Gilligan, Carol, Janie Victoria Ward, and Jill McLean Taylor, eds. Mapping the Moral Domain: A Contribution of Women’s Thinking to Psychological Theory and Education. Cambridge, Mass.: Harvard Graduate School of Education, 1988. A collection of essays presenting the contribution of women’s studies to Kohlbergian theories of moral development.
Killen, Melanie, and Judith Smetana. Handbook of Moral Development. Mahwah, N.J.: Lawrence Erlbaum, 2006. This book covers the wide range of theories being studied in the field of moral development, with chapters on conscience, stages of moral development, social justice, emotions, and community service.
Nucci, Larry P. Education in the Moral Domain. New York: Cambridge University Press, 2001. Brings together theoretical and practical approaches to creating a classroom environment that nurtures...
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Moral Development (Encyclopedia of Psychology)
The formation of a system of underlying assumptions about standards and principles that govern moral decisions.
Moral development involves the formation of a system of values on which to base decisions concerning "right" and "wrong, " or "good" and "bad."fi Values are underlying assumptions about standards that govern moral decisions.
Although morality has been a topic of discussion since the beginning of human civilization, the scientific study of moral development did not begin in earnest until the late 1950s. Lawrence Kohlberg (1927-1987), an American psychologist building upon Jean Piaget's work in cognitive reasoning, posited six stages of moral development in his 1958 doctoral thesis. Since that time, morality and moral development have become acceptable subjects of scientific research. Prior to Kohlberg's work, the prevailing positivist view claimed that science should be" value-free"hat morality had no place in scientific studies. By choosing to study moral development scientifically, Kohlberg broke through the positivist boundary and established morality as a legitimate subject of scientific research.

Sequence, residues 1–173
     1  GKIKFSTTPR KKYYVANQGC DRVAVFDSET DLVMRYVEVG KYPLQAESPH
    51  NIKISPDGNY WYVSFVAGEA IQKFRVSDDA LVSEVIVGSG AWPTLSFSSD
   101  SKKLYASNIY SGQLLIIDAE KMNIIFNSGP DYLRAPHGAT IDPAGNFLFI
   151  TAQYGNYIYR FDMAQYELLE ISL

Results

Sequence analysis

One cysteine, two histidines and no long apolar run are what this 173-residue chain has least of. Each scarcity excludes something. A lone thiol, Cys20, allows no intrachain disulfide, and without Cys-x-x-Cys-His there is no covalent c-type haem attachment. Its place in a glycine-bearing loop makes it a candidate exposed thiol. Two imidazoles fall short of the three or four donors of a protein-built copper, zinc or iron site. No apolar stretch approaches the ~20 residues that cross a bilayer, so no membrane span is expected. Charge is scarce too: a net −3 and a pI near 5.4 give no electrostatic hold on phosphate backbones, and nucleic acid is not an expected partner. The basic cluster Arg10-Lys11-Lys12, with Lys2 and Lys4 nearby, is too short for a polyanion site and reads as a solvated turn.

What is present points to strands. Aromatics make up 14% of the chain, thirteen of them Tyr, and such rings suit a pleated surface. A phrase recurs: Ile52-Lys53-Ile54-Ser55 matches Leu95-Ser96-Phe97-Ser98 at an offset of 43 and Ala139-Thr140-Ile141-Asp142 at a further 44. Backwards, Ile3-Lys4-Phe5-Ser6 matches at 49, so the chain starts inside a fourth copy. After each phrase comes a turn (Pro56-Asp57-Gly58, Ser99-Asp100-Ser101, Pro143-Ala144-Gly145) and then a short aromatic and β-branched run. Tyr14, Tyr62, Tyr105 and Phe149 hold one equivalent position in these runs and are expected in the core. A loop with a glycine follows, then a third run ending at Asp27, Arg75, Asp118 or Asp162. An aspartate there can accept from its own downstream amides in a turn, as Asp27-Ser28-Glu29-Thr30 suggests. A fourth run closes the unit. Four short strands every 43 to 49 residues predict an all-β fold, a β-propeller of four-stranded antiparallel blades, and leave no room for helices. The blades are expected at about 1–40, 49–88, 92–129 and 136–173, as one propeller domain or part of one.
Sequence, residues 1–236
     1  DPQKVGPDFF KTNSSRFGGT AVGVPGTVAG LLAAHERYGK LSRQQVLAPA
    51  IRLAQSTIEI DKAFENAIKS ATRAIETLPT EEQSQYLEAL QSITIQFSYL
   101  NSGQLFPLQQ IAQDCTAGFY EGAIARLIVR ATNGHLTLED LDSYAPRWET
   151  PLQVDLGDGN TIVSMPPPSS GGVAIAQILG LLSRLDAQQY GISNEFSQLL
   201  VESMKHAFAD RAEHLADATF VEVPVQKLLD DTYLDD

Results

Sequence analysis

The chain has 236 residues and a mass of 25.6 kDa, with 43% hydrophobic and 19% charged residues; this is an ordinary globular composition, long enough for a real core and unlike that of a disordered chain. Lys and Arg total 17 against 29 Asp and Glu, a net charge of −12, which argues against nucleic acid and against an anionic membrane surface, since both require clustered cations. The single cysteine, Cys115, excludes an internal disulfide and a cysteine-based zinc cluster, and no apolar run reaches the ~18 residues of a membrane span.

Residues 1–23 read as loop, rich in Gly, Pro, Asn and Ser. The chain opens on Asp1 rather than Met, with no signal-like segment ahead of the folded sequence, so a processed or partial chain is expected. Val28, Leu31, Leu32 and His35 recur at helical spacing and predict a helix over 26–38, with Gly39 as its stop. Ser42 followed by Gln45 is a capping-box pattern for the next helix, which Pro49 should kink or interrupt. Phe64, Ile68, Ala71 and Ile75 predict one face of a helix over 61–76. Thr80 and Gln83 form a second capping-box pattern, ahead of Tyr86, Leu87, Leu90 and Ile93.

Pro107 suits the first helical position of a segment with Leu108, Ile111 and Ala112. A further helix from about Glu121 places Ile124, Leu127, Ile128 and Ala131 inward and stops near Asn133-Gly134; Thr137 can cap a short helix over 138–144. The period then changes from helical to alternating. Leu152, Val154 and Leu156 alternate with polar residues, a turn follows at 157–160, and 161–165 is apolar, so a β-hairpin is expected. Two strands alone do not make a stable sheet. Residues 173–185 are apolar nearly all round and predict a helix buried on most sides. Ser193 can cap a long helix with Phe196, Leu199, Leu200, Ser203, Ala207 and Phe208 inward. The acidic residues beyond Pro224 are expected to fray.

There are several approaches to the study of moral development, which are categorized in a variety of ways. Briefly, the social learning theory approach claims that humans develop morality by...
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Moral Development (Encyclopedia of Children's Health)
Moral development is the process through which children develop proper attitudes and behaviors toward other people in society, based on social and cultural norms, rules, and laws.
Moral development is a concern for every parent. Teaching a child to distinguish right from wrong and to behave accordingly is a goal of parenting.
Moral development is a complex issue that, since the beginning of human civilization,has been a topic of discussion among some of the world's most distinguished psychologists, theologians, and culture theorists. It was not studied scientifically until the late 1950s.
Piaget's theory of moral reasoning
Jean Piaget, a Swiss psychologist, explored how children developed moral reasoning. He rejected the idea that children learn and internalize the rules and morals of society by being given the rules and forced to adhere to them. Through his research on how children formed their judgments about moral behavior, he recognized that children learn morality best by having to deal with others in groups. He reasoned that there was a process by which children conform to society's norms of what is...